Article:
The first ascent of Nape’s Needle in the late 1880s is said to have been the birth of the sport of rock climbing. Fast forward 130 years and the Lake District National Park is still one of the world’s best areas to get your hands on the rock. From road side bouldering to full mountain days out there are routes and locations to challenge and amaze climbers of all abilities and experience. No two days are the same which make the Lake District a must for any climber in the UK.

Wayfarers Independent Hostel is the perfect place for climbers to stay when visiting the Lake District. Penrith is ideally situated for a climbing trip to these parts, only a short drive to many of the Lake’s best crags. There are also a few hidden gems outside the National Park that see a lot less traffic but still offer excellent quality climbing. Armathwaite, Scratchmere and Headend Quarry are all well worth a look when the Lakes are getting a bit too busy. Wayfarers Hostel provides excellent value accommodation for climbers.

There are so many different options near to Penrith that it would be impossible to talk about them all here. Instead here’s a selection of my favourite places to climb when the sun’s out:

Shepherds Crag: Thirty minutes from Penrith in the Borrowdale valley lies one of the most popular crags in the Lake District, and with good reason. There are routes here for all abilities and you could easily fill two or three days without ever having to repeat the same line. The ultra-classic Little Chamonix (VDiff) tends to be most climbers first taste of exposure and is a route every climber should tick at some point. On the way home you could always head to George Fishers in Keswick where they still have a photo of Ray Macfee on the wall that climbed the route in roller skates and boxing gloves! Routes at Shepherds tend to be one to two pitches long and although slightly polished in places, still offer excellent quality rock.

Black Crag: Slightly further down the Borrowdale Valley lies Black Crag, home to Troutdale Pinnacle and one of my favourite days out. The approach here is slightly longer but still an attractive walk in its own right. Once you’ve made it to the rock I’d strongly recommend either Troutdale Pinnacle (VS) or the direct version (HVS) as your route to the top. Both routes feature a wild belay stance on the pinnacle itself which provides perhaps the best view you’re likely to find in the Lakes. Bring some sandwiches, climb a couple of routes, make a day of it and you will not leave the area disappointed!

Castle Rock: Perhaps a personal favourite of mine and only 15 minutes out of Penrith is Castle Rock. This striking cliff face overlooks Thirlmere reservoir and is clearly visible on the approach down St John’s in the Vale. The approach from the car park is short and brutally steep, but it should take no more than 10 minutes to reach the base. The south side of the crag is made up of some excellent quality one and two pitch routes around the severe to HVS grade. The main face of the crag is higher and largely overhung, making for some very exciting and potentially challenging routes. Overhanging Bastion cuts the main face on an obvious line and for four pitches of fantastic VS climbing, should not be missed out on when visiting the area! A more direct line is Rigor Mortis at E2 and is a real thrill ride from start to finish.

Swindale: This one’s a little bit off the beaten track but features some excellent quality routes. The approach is straight forward and should take about 20 to 25 minutes to complete. During the several trips I’ve made to this valley I’ve always found it to be deserted making an excellent place to visit during the busy periods. The Fang is a nice easy (VDiff) long run that could serve as a warm up before getting on the many shorter, more difficult lines the area has to offer.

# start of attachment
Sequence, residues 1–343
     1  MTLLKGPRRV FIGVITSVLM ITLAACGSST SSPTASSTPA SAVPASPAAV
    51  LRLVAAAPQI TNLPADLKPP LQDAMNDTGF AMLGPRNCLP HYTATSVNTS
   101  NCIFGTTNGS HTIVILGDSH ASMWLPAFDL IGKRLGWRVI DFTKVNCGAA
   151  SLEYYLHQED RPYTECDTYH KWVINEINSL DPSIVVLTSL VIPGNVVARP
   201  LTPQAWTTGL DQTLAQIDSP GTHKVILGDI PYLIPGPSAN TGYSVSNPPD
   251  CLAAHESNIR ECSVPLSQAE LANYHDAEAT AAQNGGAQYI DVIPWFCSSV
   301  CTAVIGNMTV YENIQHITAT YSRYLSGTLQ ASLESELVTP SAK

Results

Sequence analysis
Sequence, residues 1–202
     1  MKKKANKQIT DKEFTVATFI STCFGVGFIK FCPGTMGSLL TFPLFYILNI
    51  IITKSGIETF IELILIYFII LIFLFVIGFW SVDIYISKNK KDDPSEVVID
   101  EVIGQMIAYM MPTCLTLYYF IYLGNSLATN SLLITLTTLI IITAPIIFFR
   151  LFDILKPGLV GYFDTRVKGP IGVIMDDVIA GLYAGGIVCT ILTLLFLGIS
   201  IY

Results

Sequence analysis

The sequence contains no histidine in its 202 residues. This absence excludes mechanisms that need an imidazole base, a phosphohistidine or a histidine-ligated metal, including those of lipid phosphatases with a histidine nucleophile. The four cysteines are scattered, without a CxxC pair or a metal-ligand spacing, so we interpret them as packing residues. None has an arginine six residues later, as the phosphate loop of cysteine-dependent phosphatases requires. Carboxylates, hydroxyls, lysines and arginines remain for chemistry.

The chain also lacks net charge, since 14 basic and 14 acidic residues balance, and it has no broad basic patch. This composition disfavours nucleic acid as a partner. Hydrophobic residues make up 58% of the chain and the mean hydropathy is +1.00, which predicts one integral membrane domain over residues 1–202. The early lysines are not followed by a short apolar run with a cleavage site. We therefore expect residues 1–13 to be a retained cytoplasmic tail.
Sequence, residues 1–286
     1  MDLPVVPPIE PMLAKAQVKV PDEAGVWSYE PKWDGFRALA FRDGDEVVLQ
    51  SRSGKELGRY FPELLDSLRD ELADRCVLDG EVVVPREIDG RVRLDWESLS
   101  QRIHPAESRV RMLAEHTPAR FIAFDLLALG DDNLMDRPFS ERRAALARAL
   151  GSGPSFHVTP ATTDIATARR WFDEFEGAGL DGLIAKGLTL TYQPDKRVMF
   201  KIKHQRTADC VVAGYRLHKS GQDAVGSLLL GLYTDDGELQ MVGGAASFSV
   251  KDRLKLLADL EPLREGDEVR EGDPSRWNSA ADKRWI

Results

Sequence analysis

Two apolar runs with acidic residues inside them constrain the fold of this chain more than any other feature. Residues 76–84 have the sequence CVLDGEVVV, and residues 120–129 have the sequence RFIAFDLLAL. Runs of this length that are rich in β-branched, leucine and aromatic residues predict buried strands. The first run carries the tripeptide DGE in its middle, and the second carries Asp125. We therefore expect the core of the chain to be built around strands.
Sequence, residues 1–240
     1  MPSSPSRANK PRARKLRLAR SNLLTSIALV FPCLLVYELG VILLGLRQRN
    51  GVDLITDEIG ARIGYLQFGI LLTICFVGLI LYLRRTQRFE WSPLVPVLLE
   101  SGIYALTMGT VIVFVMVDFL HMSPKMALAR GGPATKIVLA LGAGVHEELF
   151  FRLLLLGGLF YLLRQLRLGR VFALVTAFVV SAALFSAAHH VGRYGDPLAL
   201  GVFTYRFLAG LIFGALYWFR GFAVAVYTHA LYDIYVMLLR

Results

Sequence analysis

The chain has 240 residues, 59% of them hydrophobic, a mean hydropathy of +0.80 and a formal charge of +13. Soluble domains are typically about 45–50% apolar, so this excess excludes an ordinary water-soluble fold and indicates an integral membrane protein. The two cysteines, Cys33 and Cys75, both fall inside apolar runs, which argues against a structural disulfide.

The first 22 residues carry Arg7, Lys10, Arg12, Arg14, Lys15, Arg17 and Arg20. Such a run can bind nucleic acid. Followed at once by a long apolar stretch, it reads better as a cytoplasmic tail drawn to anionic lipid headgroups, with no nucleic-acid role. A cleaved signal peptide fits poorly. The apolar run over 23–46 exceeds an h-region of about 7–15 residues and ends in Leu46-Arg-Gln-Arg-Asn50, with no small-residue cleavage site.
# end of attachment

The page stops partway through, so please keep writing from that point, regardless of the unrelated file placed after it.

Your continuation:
Carrick Fell: If bouldering is more your thing or you’re looking for a short distraction one evening then Carrick Fell is the place to be. This is an absolute playground of boulders only 10 to 15 minutes away. Most are concentrated near the road but some of the most exciting boulders are a few minutes’ walk up the fell. The Lakes bouldering guide by Rocfax covers this area brilliantly, but if you’re on a budget a similarly useful guide can be found here.

Trad climbing is the order of the day in the Lake District so it’s worth making sure you’ve got the right gear before you head out. If you find yourself lacking, Go Outdoors in Penrith or Needle Sports ( in Keswick can hook you up with anything you need. A full set of nuts and cams up to wide hands should see you protected on most routes up to the E1 kind of grade. Two ropes can be recommended on some routes to avoid rope drag so are worth bringing if you have them. That being said I have spent most of my time climbing in the area on a single rope without too much of a problem.

On those few days of the year we have where the weather is less than perfect (I know unlikely, but it does happen) you can still get a climbing fix at the local wall. Penrith Leisure Centre houses an 8m climbing wall with a surprisingly good variety of routes. Your own equipment is required as there are no fixed ropes, and aside from the in-situ quick draws no gear is provided by the centre. With easily enough to go at for a couple of sessions it should tide you over until the sun comes out again. Slightly further afield is Kendal climbing wall, recognized as one of the best and highest in the country. With a 25m lead wall and masses of bouldering there is more than enough to keep a climber going all day. Thirty to forty minutes south of Penrith it’s well worth calling in if you’re passing by, or just love pulling on plastic!

If you’re looking for any more information on places to climb in the area then UKClimbing is the place to start. They have detailed information on practically every crag in the country!